Repost from The Wall Street Journal [Editor: A good summary of recent history and market players in the emergence and future of crude by rail.  Interesting quote: “…if all the railcars loaded with crude on one day were hitched to a single locomotive, the resulting train would be about 29 miles long.” – RS]

Dangers Aside, Railways Reshape Crude Market

Shipping Crude by Rail Expands as New Pipelines Hit Headwinds and Train Companies Reap Revenue
By Russell Gold and Chester Dawson, Sept. 21, 2014
Railroad tank cars are filled with oil at the Musket Corp. Windsor Crude Terminal in Windsor, Colo. | Bloomberg

In May 2008, a locomotive with a grizzly bear painted on its side pulled into a railroad siding next to an abandoned grain elevator in the ghost town of Dore, N.D. The engine, property of the Yellowstone Valley Railroad, hitched up a couple of tank cars of crude from nearby oil wells and set off on a thousand-mile journey to Oklahoma.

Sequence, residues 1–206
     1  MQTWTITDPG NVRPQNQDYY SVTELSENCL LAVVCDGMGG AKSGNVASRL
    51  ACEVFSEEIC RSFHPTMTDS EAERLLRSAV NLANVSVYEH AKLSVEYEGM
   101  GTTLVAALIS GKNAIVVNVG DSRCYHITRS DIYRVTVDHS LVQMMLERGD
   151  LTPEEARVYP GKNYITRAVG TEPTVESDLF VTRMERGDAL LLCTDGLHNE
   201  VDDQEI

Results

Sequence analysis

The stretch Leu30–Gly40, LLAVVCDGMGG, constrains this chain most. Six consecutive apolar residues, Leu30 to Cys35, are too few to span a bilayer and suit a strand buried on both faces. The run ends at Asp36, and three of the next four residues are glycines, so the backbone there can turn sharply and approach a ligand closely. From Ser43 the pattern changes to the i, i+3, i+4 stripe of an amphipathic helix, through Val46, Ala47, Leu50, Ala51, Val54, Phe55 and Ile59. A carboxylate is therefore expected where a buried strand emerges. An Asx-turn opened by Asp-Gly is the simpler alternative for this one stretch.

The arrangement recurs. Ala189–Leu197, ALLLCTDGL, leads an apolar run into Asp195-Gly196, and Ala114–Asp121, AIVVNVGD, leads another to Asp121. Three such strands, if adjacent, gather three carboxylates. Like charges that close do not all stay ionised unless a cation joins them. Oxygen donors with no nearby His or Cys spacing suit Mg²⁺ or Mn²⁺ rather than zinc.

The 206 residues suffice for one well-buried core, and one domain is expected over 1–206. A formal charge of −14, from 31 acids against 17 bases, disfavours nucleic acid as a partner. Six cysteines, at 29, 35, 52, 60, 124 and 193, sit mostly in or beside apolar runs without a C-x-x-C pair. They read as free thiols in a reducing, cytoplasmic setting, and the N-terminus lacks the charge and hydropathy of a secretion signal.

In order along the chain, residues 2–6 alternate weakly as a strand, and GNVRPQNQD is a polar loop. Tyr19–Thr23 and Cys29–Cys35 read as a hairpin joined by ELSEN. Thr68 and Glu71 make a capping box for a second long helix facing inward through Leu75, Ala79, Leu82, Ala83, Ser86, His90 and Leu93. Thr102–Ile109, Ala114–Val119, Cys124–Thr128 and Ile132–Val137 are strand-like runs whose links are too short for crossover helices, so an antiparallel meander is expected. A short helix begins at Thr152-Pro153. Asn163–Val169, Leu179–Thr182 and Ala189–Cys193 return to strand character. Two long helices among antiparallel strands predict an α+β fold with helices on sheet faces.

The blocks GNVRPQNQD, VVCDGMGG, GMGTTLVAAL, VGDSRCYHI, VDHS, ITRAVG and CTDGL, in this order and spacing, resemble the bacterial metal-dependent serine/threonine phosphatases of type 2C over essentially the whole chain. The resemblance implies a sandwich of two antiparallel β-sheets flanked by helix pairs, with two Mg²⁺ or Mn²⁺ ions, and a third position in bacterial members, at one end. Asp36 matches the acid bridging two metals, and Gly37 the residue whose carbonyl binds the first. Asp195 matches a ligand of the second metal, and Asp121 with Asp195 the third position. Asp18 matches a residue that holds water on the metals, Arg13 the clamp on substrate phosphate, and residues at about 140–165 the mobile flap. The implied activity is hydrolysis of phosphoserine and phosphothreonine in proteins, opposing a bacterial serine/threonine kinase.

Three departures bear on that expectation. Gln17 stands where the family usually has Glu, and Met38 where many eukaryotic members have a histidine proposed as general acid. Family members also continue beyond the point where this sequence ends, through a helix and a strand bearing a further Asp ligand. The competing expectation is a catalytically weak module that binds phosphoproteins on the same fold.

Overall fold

Dore would never be the same—and neither would the U.S. energy industry. Until then, most oil pumped in North America moved around the continent in pipelines. Suddenly, and just as the oil industry began a period of unprecedented growth, there was an alternative: “crude by rail.”

Today, 1.6 million barrels of oil a day are riding the rails, close to 20% of the total pumped in the U.S., according to the Energy Information Administration, chugging across plains and over bridges, rumbling through cities and towns on their way to refineries on the coasts and along the Gulf of Mexico. If all the railcars loaded with crude on one day were hitched to a single locomotive, the resulting train would be about 29 miles long.

Initially conceived of as a stopgap measure until pipelines could be constructed, and plagued by high-profile safety problems, crude by rail has nevertheless become a permanent part of the nation’s energy infrastructure, experts say. Even pipeline companies have jumped into the rail business, building terminals to load and unload crude.